In this blog post, several members of the Special Interest Team compiled lessons they have learned when communicating with stakeholders about licensure research and disclosure requirements, including tips on how to:
Whether you would like to learn more about the work of state authorization staff at your institution, or you are responsible for implementing institutional state authorization strategies, we hope that you find these ideas helpful.
As state authorization staff, we’ve learned the importance of working within the culture and structures of our respective institutions. For example, before meeting with stakeholders to discuss compliance, it’s important to understand how state authorization furthers your institution’s mission, values, and strategic plan. Professional licensure disclosure requirements were put in place to encourage transparency with students and promote student success. Therefore, compliance with these regulations supports your institution’s mission and strategic plan.
Understanding the link between state authorization regulations and your institution’s mission will help you to explain to stakeholders why compliance is important and that a successful strategy requires support from all units. We’ve found that it’s difficult for stakeholders not to support an initiative that furthers the institution’s mission and promotes student success.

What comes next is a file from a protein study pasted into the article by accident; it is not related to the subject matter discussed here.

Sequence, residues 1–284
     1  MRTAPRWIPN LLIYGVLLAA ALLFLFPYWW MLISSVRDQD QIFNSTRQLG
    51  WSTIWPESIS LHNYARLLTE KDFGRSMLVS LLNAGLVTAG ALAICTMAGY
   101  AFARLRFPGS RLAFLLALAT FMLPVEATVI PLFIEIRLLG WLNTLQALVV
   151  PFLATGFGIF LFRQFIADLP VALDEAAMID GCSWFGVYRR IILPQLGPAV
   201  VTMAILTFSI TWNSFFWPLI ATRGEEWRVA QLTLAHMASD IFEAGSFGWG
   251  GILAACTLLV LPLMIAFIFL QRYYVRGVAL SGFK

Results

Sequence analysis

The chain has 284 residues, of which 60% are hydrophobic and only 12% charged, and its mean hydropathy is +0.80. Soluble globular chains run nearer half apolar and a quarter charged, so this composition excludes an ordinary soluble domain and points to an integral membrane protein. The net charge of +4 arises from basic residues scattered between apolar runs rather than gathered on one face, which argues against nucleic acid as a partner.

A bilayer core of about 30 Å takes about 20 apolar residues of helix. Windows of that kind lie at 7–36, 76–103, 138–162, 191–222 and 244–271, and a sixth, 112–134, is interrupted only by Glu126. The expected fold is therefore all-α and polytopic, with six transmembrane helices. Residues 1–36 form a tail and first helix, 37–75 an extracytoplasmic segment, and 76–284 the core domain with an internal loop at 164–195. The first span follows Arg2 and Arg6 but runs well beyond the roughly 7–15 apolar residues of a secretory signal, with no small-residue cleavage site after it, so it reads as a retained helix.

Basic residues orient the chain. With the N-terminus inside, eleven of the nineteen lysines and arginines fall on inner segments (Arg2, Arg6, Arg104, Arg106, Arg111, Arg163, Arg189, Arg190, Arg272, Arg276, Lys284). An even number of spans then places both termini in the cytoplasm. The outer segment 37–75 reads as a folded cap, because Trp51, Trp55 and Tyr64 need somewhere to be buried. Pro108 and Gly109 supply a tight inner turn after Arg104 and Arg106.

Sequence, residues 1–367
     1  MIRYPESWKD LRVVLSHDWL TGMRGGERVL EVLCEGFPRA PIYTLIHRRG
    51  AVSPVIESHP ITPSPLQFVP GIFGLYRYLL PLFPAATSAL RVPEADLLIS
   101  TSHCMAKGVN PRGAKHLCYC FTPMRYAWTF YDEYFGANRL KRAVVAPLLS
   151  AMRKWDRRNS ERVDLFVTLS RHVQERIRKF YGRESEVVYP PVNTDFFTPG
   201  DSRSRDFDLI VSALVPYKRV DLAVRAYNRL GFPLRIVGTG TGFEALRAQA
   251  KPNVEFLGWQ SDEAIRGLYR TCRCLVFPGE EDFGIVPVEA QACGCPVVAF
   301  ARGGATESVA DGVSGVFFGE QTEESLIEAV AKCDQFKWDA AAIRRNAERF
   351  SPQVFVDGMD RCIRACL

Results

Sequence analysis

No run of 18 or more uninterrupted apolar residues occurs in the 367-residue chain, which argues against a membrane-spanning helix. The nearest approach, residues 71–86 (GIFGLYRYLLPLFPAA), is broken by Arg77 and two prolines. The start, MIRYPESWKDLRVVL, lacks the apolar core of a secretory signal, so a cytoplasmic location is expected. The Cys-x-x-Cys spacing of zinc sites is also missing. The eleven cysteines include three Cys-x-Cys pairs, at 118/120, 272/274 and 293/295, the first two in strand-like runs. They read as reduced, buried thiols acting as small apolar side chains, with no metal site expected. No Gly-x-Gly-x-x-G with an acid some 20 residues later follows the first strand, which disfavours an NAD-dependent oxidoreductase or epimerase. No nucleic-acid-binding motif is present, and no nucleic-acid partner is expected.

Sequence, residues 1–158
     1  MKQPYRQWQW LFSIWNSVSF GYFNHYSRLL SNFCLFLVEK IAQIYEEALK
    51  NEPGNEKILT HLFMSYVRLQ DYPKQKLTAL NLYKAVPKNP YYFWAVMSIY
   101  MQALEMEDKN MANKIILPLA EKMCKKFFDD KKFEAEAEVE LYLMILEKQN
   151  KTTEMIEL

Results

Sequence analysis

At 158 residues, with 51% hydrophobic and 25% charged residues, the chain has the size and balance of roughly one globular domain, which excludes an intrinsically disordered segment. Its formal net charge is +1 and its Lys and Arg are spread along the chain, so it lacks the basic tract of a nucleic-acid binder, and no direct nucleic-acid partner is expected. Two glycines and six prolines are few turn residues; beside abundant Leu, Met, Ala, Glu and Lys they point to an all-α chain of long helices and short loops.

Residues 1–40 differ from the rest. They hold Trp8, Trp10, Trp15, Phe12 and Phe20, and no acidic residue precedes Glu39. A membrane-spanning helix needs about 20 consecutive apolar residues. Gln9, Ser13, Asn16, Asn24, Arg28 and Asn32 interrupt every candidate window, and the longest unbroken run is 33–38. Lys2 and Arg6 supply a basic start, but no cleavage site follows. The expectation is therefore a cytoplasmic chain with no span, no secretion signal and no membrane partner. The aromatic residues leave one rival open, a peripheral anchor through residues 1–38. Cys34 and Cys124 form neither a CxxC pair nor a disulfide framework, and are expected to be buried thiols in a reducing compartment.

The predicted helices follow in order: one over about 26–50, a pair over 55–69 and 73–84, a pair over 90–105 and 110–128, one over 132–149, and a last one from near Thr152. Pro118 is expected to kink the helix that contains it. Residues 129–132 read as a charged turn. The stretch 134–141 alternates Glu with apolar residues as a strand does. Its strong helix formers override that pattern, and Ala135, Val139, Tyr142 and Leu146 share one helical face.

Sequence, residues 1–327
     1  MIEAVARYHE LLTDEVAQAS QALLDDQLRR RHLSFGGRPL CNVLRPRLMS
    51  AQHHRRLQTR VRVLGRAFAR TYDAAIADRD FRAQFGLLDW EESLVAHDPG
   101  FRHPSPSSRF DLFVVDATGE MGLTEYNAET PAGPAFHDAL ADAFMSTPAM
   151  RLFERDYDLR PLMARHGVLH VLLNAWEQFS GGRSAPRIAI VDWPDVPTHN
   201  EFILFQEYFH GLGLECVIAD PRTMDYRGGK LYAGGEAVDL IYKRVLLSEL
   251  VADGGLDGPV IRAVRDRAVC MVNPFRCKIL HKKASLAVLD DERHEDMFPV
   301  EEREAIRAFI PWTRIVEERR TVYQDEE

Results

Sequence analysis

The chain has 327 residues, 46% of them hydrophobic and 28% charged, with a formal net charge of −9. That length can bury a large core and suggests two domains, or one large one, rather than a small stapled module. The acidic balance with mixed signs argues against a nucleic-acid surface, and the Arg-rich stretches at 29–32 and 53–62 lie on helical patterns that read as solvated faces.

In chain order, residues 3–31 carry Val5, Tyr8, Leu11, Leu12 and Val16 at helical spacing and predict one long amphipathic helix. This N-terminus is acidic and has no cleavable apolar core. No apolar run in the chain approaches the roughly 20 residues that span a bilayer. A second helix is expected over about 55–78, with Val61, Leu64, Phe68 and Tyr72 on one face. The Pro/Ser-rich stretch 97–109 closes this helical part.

In addition to aligning compliance work to the institution’s mission and values, state authorization staff should consider other aspects of institutional culture before reaching out to stakeholders. For example, it may be a requirement or a professional courtesy to contact a department dean or chair before contacting program staff to discuss regulatory requirements. In addition to lending support to your work, leaders can introduce you to key department staff who can share program information and assist with licensure research. Deans and chairs also have the authority to implement new processes in a unit, if necessary. Therefore, maintaining open communication with unit leaders is not only a courtesy but also supports and facilitates conversations with program staff.
As you build relationships with leaders at your institution, you can begin to develop a coalition of state authorization “champions.” Think of champions as key stakeholders who understand the link between state authorization, institutional mission, and student success. Champions can help educate the university community about state authorization and disclosure requirements and lend support to the development of compliance processes. With a network of champions, you can reach more stakeholders across your institution and demonstrate leadership support for the implementation of licensure disclosure policies and processes.